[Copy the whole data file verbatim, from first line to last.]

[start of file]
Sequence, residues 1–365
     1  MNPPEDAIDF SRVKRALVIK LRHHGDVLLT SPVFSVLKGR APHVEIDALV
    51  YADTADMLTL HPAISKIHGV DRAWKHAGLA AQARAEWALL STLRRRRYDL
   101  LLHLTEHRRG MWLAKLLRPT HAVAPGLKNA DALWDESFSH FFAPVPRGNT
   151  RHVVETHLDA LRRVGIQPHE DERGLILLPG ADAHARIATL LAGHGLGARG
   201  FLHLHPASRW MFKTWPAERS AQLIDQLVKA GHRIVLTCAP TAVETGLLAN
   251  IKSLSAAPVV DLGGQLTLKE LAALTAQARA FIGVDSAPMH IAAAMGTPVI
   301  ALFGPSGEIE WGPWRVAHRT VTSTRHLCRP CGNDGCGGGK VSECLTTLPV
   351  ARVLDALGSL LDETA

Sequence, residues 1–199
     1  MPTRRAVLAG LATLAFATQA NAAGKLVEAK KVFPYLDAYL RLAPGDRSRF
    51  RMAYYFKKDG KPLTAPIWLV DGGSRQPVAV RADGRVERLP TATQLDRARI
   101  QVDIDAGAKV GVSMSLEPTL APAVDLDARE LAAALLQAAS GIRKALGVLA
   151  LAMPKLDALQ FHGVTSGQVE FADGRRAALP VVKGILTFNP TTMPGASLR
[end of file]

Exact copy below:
Sequence, residues 1–365
     1  MNPPEDAIDF SRVKRALVIK LRHHGDVLLT SPVFSVLKGR APHVEIDALV
    51  YADTADMLTL HPAISKIHGV DRAWKHAGLA AQARAEWALL STLRRRRYDL
   101  LLHLTEHRRG MWLAKLLRPT HAVAPGLKNA DALWDESFSH FFAPVPRGNT
   151  RHVVETHLDA LRRVGIQPHE DERGLILLPG ADAHARIATL LAGHGLGARG
   201  FLHLHPASRW MFKTWPAERS AQLIDQLVKA GHRIVLTCAP TAVETGLLAN
   251  IKSLSAAPVV DLGGQLTLKE LAALTAQARA FIGVDSAPMH IAAAMGTPVI
   301  ALFGPSGEIE WGPWRVAHRT VTSTRHLCRP CGNDGCGGGK VSECLTTLPV
   351  ARVLDALGSL LDETA

Sequence, residues 1–199
     1  MPTRRAVLAG LATLAFATQA NAAGKLVEAK KVFPYLDAYL RLAPGDRSRF
    51  RMAYYFKKDG KPLTAPIWLV DGGSRQPVAV RADGRVERLP TATQLDRARI
   101  QVDIDAGAKV GVSMSLEPTL APAVDLDARE LAAALLQAAS GIRKALGVLA
   151  LAMPKLDALQ FHGVTSGQVE FADGRRAALP VVKGILTFNP TTMPGASLR